Why does boiling cream have such a drastic effect on the salted caramel


We have a recipe for a salted caramel spread that is basically a big pan of sugar, glucose, milk and butter, cooked until it becomes a thick paste, then mixed with double cream to achieve a smooth consistency and a glossy finish. Our only problem was that we kept having big variations between batches — some ended up as thick, sticky spreads (like we intended), others were runny and sauce-like.

After some experiments we discovered that the final stage of the process — pouring the double cream in — was responsible. Pour the cream cold and the caramel would come out runny; heat the cream before pouring and the final result would be thick and rich.

Although we feel we're in control of the process now, I was wondering if anyone could explain to us why does heating or not heating the cream have such a big impact on the thickness of our spread.

Best Answer

You don't tell us neither the ratio of double cream to caramel, nor the time you heat the completed mix, so this is just a guess. But it sounds logical that your problem is evaporation.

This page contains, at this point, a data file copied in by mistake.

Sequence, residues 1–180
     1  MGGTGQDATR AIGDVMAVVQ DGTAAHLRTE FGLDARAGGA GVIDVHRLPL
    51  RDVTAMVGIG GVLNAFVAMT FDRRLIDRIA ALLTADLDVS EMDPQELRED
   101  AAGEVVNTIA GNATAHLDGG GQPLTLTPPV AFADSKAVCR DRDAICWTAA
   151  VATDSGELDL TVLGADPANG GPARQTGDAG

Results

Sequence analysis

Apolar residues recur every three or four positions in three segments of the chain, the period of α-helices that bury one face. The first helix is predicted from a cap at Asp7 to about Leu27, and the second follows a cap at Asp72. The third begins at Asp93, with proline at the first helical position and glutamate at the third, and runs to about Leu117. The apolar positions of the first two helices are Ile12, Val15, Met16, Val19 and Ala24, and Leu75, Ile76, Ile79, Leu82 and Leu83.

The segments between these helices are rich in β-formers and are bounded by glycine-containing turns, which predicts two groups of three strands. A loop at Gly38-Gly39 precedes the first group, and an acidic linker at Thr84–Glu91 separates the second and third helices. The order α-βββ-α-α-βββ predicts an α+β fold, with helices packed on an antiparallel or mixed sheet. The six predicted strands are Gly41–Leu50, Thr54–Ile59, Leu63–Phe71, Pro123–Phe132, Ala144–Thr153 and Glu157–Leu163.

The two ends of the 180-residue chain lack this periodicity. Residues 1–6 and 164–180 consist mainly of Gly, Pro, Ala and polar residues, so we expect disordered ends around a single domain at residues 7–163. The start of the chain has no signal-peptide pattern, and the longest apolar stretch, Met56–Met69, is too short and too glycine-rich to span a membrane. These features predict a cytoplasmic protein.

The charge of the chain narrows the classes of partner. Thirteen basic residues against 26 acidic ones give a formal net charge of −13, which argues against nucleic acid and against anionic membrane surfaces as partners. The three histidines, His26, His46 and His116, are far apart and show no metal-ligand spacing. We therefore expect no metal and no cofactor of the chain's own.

Double cream consists mainly of fat and water. I don't remember the exact percentages, but more than half of it is water. So, if you heat cream, part of it evaporates during the heating, and it continues evaporating after being added to the pan with bubbling caramel. But if you use cold cream, its water hasn't evaporated during a heating phase, and if you add a large amount of cream to a hot caramel mixture, the whole mixture cools considerably. If you don't heat it and let it simmer for long enough afterwards, the water content of the cream continues thinning the spread. You end up with a runny sauce instead of a sticky spread.

Instead of pre-boiling, you should be able to just simmer for longer time after adding the cream, if you find it more convenient. But you'll have to try it a few times until you have found the cooking time which gives you optimal consistency.